Physician burnout is a significant issue, one that not only affects provider well-being but patient care as well. Brian Patty, CMIO at Rush University Medical Center, is determined to do something about it. He’s working to implement a task force aimed at increasing physician efficiency and satisfaction. In addition to this task force, he sits on a committee whose sole mission is physician well-being at Rush and determining what sort of support they can provide. In this interview, Patty discusses how benchmarking surveys have allowed pinpointing where physician efficiency issues reside, what the seven domains are to address physician burnout, and how an NLP engine is changing the game for sepsis prevention. Additionally, he touches on telemedicine and how Rush has found success in the areas of Movement Disorder and Psychiatry. In his words: the EHR was just the beginning.
We are using Physician Efficiency Profiles, which are reports from our EHR, to identify the physicians that we’re specifically focusing on to help them spend less time in the EHR, be more efficient in the EHR, spend more time with patients, and get home on time, not doing work late at night and on weekends when they’re not scheduled to be working. Those are big factors in physician burnout.
In the areas where we have our associate CMIOs/physician builders, we’ve seen that physicians are reporting that they feel more efficient, so it’s been a very successful program that we’re planning on expanding, in addition to expanding our support team for providers.
The issue with sepsis is it’s a sensitivity and specificity challenge. You can set up an alert that measures blood pressure, heart rate, temperature, and things like that, but the sensitivity is very poor so alerts are firing way too often. We are working with Wolters Kluwer to help develop and deploy a sepsis “engine” with sensitivities and specificities in the 90s to improve the identification of sepsis and decrease alert fatigue for our providers.
We’re helping physicians with their efficiency by using the NLP engine in the background, querying their notes, and assisting them in adding items to the problem or medication list and teeing up orders.
I’ve been doing this for almost 20 years and when I started my job description was basically get physicians to use CPOE and then it was, get the full EHR up and running, and getting physicians to use the other features of the EHR. Now, it’s improving the quality of care, improving efficiency, and really making sure the EHR is working for our providers, for our nurses, for the organization, rather than being an added burden to them.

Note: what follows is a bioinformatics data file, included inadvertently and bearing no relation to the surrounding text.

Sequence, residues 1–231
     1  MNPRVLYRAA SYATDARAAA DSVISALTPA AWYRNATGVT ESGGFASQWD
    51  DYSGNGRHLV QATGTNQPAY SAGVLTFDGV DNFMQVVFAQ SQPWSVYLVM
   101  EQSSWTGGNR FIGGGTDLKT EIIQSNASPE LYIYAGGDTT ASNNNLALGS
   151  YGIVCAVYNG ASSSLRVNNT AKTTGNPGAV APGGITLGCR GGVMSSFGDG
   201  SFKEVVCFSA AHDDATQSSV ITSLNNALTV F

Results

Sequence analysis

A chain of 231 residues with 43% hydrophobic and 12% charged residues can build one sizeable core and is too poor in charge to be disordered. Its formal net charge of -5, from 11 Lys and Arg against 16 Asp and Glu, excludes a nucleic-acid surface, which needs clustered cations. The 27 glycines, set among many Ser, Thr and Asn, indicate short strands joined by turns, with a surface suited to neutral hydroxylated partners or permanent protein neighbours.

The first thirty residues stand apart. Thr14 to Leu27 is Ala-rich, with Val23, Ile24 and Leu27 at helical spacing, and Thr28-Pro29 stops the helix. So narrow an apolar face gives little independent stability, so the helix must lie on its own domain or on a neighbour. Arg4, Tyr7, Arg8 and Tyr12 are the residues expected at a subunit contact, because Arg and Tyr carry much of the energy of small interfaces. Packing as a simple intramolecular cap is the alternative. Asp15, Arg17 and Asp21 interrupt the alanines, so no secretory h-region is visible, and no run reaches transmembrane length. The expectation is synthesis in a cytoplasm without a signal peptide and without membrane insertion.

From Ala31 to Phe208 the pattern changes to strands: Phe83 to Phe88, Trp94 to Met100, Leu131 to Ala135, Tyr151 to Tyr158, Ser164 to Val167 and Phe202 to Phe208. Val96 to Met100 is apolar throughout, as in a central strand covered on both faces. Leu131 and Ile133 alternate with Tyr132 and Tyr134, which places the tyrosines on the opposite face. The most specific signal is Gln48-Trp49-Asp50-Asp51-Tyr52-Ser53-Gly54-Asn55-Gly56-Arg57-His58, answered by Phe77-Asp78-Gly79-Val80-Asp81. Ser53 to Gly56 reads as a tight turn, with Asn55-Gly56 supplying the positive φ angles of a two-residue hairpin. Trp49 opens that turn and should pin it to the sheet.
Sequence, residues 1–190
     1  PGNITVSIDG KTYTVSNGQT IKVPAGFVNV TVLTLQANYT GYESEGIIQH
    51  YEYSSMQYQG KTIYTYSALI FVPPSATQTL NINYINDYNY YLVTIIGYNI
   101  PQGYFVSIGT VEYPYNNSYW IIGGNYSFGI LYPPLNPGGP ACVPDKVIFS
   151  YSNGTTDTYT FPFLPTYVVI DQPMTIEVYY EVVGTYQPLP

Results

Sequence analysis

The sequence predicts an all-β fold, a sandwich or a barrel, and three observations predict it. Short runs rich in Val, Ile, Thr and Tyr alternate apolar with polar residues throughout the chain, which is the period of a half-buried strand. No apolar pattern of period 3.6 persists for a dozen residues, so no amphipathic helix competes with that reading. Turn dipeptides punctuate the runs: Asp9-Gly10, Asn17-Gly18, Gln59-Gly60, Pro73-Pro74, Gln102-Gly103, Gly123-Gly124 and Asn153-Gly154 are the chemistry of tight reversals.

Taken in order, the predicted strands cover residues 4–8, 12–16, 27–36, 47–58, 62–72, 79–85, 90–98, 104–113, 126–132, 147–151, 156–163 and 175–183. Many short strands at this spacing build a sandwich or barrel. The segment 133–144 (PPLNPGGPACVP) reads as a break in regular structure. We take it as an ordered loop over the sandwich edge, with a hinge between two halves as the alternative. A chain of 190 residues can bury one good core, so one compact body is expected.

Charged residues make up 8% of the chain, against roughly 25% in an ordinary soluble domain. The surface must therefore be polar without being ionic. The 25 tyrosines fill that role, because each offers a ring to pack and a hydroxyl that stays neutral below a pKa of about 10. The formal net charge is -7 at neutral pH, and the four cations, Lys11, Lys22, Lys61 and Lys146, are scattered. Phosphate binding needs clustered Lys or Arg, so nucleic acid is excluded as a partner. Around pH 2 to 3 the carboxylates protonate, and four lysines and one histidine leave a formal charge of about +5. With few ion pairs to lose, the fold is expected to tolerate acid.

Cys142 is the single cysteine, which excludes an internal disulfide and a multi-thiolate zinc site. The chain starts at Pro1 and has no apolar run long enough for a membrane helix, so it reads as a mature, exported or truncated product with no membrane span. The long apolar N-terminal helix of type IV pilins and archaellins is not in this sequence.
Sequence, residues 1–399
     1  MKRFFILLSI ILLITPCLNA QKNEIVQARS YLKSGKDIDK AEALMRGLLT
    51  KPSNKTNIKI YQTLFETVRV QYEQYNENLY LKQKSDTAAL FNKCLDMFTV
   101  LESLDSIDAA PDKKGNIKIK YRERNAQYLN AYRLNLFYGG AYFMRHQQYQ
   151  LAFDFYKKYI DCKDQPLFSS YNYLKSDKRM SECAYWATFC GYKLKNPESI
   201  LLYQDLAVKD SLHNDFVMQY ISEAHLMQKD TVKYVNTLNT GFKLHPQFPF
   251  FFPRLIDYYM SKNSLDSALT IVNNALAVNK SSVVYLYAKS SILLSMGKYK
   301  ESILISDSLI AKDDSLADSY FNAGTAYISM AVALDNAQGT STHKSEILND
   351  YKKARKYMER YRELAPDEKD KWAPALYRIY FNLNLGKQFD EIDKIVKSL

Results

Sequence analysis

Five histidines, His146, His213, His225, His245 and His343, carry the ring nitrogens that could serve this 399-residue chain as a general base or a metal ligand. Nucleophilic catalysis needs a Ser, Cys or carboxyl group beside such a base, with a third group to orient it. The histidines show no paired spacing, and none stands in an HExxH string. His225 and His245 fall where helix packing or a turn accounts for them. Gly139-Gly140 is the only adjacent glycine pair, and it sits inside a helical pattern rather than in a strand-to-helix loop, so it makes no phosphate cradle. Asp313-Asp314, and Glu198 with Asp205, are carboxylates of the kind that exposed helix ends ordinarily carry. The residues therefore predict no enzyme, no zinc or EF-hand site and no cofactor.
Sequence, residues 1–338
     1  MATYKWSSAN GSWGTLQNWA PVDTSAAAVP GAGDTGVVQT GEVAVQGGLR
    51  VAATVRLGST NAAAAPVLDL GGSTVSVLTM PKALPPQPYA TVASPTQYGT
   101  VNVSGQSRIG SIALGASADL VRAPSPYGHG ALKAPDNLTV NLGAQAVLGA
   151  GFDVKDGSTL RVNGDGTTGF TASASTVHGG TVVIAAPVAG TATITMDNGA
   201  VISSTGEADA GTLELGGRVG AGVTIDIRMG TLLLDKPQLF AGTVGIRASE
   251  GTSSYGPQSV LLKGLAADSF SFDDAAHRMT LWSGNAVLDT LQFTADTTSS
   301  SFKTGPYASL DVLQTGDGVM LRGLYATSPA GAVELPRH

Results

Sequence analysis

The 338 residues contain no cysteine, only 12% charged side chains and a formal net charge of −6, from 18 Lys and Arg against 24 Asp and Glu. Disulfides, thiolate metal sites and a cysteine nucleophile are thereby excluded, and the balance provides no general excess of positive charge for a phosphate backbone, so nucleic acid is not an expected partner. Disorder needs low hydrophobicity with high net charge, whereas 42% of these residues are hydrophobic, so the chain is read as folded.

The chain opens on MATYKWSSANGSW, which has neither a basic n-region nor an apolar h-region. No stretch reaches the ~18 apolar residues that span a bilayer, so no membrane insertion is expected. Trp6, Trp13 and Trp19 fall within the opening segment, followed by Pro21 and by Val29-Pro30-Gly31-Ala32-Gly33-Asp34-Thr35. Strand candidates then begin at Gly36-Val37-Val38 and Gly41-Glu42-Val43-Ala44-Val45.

Campbell: As we start preparing for 2018, from your perspective as a CMIO, what are the top things you’re focused on?
Patty: I am working in strong partnership with our new CIO, Dr. Shafiq Rab, and we’re working on getting our base infrastructure and base Epic build optimized. Then, this coming year, we’re looking at what we can do around innovation, and specifically, around provider efficiency and decreasing provider burnout. That’s a big focus for the coming year.
Campbell: If we can delve into that topic, a little bit more, what components of provider efficiency are you exploring? I noticed that you recently adopted Wolters Kluwer’s POC Advisor, but are there additional clinical documentation improvement initiatives that you’re pursuing? You’ve mentioned in past interviews that to reduce the burden on providers they should explore whether other caregivers upstream can take on some of that administrative burden. Can you elaborate on that topic? Is it around clinical documentation improvement? Is it more around restructuring workflows? Is it retraining?
Patty: Its all of the above. We’ve got a big effort on the ambulatory side right now, of going back out and retraining physicians, specifically focusing on efficiency tips and customizing their Epic profile, and working with them to show them how they can do certain tasks faster and more efficiently. One of the nice things that Epic does is provide us with is what are called provider efficiency profiles. It’s a snapshot of the physician’s use of the EHR over the last six to eight weeks, and it gives us a good sense of, what are the tasks that they’re doing that they spend a lot more time in than other providers, and when are they using Epic. How much of their time in Epic is outside of their typical clinic hours or hospital hours? So, we’re able to see who’s struggling with what and how much extra time they’re spending. Those are the physicians that we’re specifically focusing on to really help them spend less time in the EHR, be more efficient in the EHR, spend more time with patients, and get home on time, not doing work late at night and on weekends when they’re not scheduled to be working. Those are big factors in physician burnout.